The difference between thinking and musing is quite profound. Thinking requires a lot of hard work while musing is closely related to amusing, although I am not quite sure about the connection. All I know is it takes less energy to muse than it does to think and I’m all for saving energy.

I had just gotten into a rather delightful muse when my wife made a very startling announcement.

Well,” she said most thoughtfully, “I guess this is the start of a brand-new year.

I was too deep into my muse to do more than grunt affirmatively.

Then I began to think, which sapped me of a lot of energy at the time. Although my wife was not wrong in her observation (she is never wrong about anything) she was not exactly right. However, being the man of the house, not to mention not having enough energy to put up a good front, I did not call her on it. But I thought on it some more.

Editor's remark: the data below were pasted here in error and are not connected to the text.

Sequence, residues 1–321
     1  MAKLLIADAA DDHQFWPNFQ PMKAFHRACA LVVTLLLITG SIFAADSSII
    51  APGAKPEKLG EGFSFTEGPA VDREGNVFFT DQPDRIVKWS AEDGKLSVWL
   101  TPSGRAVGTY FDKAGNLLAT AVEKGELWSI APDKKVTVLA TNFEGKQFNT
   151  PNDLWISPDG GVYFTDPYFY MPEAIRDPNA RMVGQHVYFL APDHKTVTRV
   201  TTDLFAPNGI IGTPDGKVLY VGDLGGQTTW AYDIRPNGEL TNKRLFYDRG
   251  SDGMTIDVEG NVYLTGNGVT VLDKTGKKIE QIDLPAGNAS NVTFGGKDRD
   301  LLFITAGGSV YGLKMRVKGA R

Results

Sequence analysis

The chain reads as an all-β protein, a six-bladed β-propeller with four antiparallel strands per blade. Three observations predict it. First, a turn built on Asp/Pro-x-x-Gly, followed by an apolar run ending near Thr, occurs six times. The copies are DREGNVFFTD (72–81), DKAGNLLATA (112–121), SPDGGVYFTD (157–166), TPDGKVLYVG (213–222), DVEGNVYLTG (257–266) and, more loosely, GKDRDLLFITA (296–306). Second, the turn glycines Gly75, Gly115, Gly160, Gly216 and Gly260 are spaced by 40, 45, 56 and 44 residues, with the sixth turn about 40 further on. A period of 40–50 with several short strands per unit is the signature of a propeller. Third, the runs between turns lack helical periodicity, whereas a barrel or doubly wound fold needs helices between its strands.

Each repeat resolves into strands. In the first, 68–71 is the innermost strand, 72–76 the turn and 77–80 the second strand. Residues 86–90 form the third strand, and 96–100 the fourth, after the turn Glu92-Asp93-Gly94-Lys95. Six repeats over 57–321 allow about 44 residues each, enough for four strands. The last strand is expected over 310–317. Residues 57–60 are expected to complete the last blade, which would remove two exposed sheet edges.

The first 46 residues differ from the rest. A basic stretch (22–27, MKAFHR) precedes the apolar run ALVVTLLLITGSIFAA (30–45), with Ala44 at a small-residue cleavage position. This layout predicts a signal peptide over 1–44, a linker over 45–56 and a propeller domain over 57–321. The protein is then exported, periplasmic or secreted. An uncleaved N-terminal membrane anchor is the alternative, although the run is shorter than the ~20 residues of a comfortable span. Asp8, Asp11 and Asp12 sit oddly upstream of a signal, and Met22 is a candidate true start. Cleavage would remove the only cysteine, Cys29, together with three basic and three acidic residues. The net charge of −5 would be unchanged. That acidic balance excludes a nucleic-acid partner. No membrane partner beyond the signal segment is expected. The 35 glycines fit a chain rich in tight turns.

Everybody says this is a new year that has never been lived before. And I would like to challenge that kind of thinking. I have an eerie feeling that I have been here before.

I am not sure if my muse got mixed up with my thinking but at the end of the exercise, I came to several startling conclusions. The biggest conclusion is there is nothing new about the New Year.

Do not take my word for it, do some thinking on your own. Okay, it’s a little too early in the year to do heavy thinking so maybe some light musing might be more in order.

If I remember correctly, and I must check last year’s calendar, but wasn’t it January last year at this time? In fact, I think for the past couple thousand years there has always been a January. Nothing new about January. In my lifetime, I have seen 65 Januarys. At the time, everybody said it was new. What I want to know is, when does the newness wear off? When is somebody going to stand up and honestly say, “Welcome to another old year.”

Every time I have a birthday, people tell me I am a year older, but when another January comes around people try to tell me it is new. I think this year I am going to insist on my birthday that people tell me I am getting newer and not older. Read More→

colored pencilsIn this Internet age, the color of your brand will make or break you.

How can I say that?

Because color communicates a message. You need it to accurately reflect the message of your brand, the essence of who you are as a business.